OUR Featured Researcher: Tosheania Phoenix '23

Portrait of Tosh Phoenix
Photo credit: Tanya Rosen-Jones

Tosheania Phoenix (she/her) is a STRONG Scholar planning to major in Neuroscience. She conducted research in the summer of 2019 in Travis Wilson's lab as part of the STRONG Program (Science and Technology Research Opportunities for a New Generation). She plans to continue her research this spring. Her project is titled "Effects of Peer Acceptance and Teacher-Student Relationship Quality on Student Academic Performance".

Please describe your research: 

The developmental psychology research that I conducted examined how teacher-student and peer-to-peer relationships affect the academic performance of predominantly low- income, Black elementary students. Overall, the findings showed that in comparison to peer-to-peer relationships, a stronng teacher-student relationship is a strong indicator of positive academic performance.

Why is your research important?

My research is important because it explores a concept that has not been thoroughly researched. Understanding how these interpersonal factors affect the academic performance of low-income, Black students can potentially allow for more advanced research. Also, educators are better able to serve students from these backgrounds to encourage positive academic performance.

What did the process of doing your research look like?

The goal of my research experience was to explore the factors that contribue to the ethnic minoriy achievement gap. To work towards this goal, my research mentor, Professor Travis Wilson, and I identified a variety of studies for me to read. From there, I formulated my research inquiry and utilized Professor Wilson's previously collected data to identify the findings of the study.

What were your findings?

Overall, the findings were consistent with this notion: a strong teacher-student relationship is a strong indicator of positive academic performance. As previously mentioned, there is insufficient research concerning the impact of teacher-student and peer-to-peer relaltionships on the academic performance of ethnic minorities at specific ages. The findings from my research contribute to this topic that is not completely understood.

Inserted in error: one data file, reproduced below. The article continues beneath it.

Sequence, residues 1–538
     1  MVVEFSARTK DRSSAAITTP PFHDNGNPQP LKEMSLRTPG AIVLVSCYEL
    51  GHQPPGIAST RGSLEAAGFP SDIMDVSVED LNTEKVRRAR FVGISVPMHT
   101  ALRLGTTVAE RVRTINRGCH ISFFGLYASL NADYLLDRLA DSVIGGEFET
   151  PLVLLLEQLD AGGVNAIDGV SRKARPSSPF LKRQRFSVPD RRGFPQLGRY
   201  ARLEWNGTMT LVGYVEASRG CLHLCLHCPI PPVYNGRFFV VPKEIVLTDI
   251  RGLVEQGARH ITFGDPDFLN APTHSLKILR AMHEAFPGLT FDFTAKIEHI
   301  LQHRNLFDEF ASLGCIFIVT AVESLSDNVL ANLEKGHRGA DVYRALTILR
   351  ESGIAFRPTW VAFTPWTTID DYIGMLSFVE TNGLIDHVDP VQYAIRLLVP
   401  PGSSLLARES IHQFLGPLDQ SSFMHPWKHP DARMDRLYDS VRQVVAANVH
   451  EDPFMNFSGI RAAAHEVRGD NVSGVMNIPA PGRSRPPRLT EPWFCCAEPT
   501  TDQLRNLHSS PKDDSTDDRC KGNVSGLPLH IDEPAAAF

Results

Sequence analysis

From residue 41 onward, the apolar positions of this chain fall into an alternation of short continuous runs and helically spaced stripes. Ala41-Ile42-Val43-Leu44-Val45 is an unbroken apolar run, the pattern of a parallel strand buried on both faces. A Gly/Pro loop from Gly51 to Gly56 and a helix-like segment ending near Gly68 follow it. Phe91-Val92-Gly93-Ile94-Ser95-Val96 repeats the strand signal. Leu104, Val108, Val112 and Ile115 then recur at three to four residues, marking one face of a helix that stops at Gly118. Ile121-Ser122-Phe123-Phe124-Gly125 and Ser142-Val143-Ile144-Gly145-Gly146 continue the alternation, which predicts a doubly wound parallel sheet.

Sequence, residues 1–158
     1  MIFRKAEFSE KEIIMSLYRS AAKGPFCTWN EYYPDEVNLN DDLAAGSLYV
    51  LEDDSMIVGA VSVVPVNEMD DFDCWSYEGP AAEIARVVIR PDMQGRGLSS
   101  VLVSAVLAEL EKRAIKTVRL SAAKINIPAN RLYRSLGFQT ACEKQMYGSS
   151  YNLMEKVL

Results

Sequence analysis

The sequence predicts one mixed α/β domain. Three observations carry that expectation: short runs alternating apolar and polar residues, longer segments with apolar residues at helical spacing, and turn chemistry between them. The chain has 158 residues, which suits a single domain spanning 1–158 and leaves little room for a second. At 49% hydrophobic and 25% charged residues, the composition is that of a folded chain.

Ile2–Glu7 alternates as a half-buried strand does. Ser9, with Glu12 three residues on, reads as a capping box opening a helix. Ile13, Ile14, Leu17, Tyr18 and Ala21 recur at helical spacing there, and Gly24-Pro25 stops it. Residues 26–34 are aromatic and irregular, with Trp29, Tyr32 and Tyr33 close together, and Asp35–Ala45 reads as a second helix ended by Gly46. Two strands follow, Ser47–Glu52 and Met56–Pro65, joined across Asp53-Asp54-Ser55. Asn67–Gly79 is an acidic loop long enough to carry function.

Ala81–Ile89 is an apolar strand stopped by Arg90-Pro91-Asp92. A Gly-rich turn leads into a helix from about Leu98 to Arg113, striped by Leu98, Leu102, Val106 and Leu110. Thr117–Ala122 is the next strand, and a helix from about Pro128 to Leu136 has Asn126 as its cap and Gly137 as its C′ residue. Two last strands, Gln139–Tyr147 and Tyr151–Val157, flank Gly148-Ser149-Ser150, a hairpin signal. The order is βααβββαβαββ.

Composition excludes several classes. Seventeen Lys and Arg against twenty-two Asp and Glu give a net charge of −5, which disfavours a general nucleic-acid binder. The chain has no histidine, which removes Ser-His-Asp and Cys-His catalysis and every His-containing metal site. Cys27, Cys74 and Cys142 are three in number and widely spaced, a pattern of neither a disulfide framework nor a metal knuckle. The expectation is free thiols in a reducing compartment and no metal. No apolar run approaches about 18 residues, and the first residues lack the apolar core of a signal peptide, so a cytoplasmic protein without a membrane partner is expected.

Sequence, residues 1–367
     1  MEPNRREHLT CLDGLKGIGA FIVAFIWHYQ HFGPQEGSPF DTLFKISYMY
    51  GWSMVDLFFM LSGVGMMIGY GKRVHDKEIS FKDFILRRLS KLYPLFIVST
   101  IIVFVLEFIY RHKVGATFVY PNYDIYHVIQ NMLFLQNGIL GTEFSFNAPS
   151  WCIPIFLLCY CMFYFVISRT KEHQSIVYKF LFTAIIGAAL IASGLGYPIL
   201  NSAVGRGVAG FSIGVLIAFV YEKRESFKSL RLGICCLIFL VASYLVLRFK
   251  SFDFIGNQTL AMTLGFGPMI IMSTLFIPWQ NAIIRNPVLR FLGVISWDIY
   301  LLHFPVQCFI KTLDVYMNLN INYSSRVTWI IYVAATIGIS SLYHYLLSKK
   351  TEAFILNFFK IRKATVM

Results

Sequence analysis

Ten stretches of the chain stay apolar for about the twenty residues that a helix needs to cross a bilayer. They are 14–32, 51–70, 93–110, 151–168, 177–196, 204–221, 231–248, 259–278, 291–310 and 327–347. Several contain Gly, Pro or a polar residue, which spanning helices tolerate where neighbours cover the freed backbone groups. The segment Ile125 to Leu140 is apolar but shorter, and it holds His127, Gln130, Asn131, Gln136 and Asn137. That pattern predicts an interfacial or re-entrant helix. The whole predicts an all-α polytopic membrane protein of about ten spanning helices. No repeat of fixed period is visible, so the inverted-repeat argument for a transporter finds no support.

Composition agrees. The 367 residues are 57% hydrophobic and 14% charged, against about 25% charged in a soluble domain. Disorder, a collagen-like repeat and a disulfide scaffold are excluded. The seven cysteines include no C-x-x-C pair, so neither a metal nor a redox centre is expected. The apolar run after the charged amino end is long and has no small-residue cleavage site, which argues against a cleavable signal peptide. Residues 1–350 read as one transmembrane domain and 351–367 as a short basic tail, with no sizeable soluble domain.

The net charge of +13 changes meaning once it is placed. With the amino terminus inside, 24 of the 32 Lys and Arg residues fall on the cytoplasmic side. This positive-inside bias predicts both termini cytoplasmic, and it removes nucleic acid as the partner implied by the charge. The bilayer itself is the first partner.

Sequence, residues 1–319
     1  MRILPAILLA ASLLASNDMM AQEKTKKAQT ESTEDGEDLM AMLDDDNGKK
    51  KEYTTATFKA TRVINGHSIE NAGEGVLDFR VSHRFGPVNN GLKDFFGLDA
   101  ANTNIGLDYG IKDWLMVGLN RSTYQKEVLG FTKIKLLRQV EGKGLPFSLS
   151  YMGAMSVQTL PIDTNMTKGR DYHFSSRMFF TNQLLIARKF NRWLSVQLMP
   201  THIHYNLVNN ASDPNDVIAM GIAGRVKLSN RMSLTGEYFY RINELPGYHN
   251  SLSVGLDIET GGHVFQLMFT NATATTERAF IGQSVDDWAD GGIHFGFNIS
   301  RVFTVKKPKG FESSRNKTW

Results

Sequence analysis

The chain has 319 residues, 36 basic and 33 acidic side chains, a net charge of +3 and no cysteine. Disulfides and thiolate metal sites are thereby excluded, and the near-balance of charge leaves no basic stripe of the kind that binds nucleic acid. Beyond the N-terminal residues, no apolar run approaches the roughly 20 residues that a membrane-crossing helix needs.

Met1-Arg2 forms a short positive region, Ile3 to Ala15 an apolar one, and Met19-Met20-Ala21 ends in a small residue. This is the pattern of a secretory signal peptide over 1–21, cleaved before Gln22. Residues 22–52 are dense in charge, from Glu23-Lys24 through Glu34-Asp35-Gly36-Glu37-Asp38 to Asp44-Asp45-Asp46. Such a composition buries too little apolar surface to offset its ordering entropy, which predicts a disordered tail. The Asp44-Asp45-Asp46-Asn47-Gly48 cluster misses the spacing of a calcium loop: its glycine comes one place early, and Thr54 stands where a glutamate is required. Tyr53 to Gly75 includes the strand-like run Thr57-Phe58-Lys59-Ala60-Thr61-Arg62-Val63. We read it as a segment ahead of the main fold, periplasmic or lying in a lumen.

In what ways will you showcase your research?

I will be showcasing my research at Oberlin College in the Spring of 2020. And I have also submitted my research to be showcased at the 2020 Society for Research on Adolescence (SRA) Biennial Meeting in San Diego, California.

How did you get involved in research? What drove you to want to seek out research
experiences in college?

I began to consider getting involved in research during the college application process. I had a number of questions that were constantly circling in my mind concerning
systematic, institutional, and internal inquiries, and I knew that conducting research
could potentially answer some of them. So when I was invited to apply for the STRONG,
pre-first year, research program, I did not hesitate to do so.

What is your favorite aspect of the research process?

My favorite aspect of the research process is gaining knowledge that I did not previously have. Of course, I gain knowledge that is a direct result of my research's findings. But I am also gaining more indirect knowledge concerning broader topics.

How has working with your mentor impacted the development of your research project?
How has it impacted you as a researcher?

Working with my research mentor, Professor Travis Wilson, has made my research experience worthwhile. He is extremely knowledgeable and easy-going, which positively contributes to my experience.

How has the research you’ve conducted contributed to your professional or academic
development?

As an aspiring pediatrcian interested in addressing both healthcare/medicine and education disparrities, my research in the Psychology Department has positively contritbuted to my professional, academic, and personal development. My research experience is extremely valuable to me, and I will apply what I learned to my future endeavors.

What advice would you give to a younger student wanting to get involved in research in
your field?

Though I do not have advice that is specific to developmental psychology research, I would tell a younger student that, in general, research is both great and complex. And therefore it is vital that you are ever aware and grateful of the knowledge that you are obtaining, whilst being patient as you seek answers concerning more difficult research inquiries. So, wake up, show up, and conduct the research; it is worth it!

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